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The legend of Fowlescombe Manor….

Fowlescombe Manor

It is a fact that in this modern age most of us frown upon the ancient practice of hunting with hounds, whether on horseback or not, but in times gone by, such things were commonplace and accepted. I’m not here to promote a debate on the rights and wrongs of hunting, but to mention a legend that I have just happened upon. It may be something that most of you know already, but it was new to me.

Fowlescombe Manor, near Ugborough in Devon, is now an ivy-covered 16th-century ruin, but its records go back to 1453, when a Sir Thomas Fowell, “a member of the king’s court” (Edward IV? Richard III? Or, horrors, Henry VII?) is recorded as being born at the manor. I have not found him anywhere, but the Fowell family was definitely associated with the manor, and a William Fowell (Fowhill) was born there in 1408. This means there must have been a house there prior to 1408, but how far back, I do not know. Anyway, my ramblings around the internet took me to this website, where I found the legend:-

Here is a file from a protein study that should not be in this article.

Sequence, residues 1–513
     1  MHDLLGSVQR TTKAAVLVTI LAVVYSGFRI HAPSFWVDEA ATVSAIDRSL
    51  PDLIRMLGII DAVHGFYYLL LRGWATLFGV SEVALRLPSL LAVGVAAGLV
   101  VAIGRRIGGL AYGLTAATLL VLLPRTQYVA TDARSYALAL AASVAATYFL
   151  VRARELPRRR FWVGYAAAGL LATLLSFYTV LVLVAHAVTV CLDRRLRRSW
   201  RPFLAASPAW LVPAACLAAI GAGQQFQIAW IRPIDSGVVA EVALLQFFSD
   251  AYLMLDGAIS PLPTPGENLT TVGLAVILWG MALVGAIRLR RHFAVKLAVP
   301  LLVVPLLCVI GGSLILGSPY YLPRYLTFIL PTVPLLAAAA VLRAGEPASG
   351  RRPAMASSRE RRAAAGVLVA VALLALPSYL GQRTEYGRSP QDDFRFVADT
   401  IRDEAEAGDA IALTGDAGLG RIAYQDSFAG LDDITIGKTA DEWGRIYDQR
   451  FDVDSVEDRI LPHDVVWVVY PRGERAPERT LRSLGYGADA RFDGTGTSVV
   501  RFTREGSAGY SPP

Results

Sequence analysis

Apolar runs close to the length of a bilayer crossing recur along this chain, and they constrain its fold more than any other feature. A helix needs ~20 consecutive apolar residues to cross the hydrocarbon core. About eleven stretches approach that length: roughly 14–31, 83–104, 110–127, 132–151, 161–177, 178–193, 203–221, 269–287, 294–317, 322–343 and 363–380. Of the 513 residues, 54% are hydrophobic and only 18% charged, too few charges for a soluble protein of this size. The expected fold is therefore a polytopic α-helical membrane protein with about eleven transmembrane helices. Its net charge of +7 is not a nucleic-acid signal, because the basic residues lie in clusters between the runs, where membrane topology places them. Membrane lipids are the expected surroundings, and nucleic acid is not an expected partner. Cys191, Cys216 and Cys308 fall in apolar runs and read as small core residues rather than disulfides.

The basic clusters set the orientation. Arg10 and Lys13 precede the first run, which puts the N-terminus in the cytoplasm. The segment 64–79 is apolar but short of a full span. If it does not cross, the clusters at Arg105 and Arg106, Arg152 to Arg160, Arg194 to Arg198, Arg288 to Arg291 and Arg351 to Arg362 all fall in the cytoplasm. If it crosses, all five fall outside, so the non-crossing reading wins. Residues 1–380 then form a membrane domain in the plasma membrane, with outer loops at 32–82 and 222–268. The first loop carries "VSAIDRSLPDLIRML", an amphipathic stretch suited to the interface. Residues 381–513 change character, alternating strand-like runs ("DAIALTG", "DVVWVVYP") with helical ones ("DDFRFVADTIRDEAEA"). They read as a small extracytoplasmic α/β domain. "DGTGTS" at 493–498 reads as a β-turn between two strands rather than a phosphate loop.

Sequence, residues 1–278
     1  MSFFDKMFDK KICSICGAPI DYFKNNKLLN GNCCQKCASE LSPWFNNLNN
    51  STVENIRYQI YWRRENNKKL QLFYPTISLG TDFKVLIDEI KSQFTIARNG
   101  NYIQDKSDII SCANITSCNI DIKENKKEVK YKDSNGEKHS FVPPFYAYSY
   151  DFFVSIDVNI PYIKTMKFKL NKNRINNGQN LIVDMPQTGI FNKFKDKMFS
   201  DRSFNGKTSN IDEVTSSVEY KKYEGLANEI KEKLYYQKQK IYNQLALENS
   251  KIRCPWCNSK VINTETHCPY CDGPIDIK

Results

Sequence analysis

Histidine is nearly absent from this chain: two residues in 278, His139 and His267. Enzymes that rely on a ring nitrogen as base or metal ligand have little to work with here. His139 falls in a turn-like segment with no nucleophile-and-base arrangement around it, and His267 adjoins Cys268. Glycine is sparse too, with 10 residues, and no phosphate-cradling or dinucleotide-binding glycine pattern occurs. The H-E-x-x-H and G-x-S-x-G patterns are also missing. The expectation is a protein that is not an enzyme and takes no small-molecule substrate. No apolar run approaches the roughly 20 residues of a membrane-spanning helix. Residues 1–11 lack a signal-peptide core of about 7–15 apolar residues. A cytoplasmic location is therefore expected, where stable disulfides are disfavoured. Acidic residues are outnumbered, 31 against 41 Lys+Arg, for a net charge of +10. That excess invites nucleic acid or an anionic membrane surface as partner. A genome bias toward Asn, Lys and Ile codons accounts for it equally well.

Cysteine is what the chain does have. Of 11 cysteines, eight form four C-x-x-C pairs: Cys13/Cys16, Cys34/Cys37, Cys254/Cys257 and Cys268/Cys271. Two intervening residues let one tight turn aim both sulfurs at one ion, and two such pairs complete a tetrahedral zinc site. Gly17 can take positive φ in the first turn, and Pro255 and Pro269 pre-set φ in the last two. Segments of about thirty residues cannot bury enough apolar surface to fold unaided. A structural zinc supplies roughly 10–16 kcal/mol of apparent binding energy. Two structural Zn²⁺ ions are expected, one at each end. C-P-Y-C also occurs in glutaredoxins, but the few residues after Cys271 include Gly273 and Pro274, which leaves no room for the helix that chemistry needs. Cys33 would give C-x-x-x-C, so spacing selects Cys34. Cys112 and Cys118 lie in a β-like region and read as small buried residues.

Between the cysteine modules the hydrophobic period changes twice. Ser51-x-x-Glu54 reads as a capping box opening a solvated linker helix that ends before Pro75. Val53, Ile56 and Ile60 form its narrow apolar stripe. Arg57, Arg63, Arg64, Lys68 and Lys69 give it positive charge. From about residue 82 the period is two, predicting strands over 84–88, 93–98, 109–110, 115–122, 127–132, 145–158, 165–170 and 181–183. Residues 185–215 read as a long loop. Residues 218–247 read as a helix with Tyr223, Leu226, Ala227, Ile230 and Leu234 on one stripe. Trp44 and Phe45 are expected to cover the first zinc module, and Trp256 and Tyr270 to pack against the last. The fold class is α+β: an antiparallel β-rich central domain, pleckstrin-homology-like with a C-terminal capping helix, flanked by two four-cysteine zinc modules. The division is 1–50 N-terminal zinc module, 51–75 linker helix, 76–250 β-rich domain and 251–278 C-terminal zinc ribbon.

“….A pack of hounds was kept at kennels at Fowlescombe for many years. It is said that a kennel-master used sometimes to keep the hounds hungry so that they would hunt well the following day, but that one night, when visiting his hounds which were making a lot of noise, he failed to wear his usual jacket, and was eaten by the hounds, only his boots being found the next morning….”

There is a song about the story here.

Such an awful fate serves the kennelmaster right, did I hear you say? Well, probably, but by now my interest in Fowlescombe Manor had unearthed more about the house. It is one of three in Devon that may have been Sir Arthur Conan-Doyle’s Baskerville Hall. The others are Hayford Hall, west of Buckfastleigh, and Brook Manor, a few miles east of Hayford Hall. See more here.

There is another Baskerville-type legend attached to Brook Hall, and you can read it at here. This one, of course, is very much like the Sherlock Holmes legend of Baskerville Hall, and how the dreadful hound first came about.

One thing seems evident… when you’re in that neck of the woods, don’t upset any large canine you may encounter!

And on a lighter note:

Mr Fox’s Hunt Breakfast on Xmas Day (1900) by Harry B. Neilson

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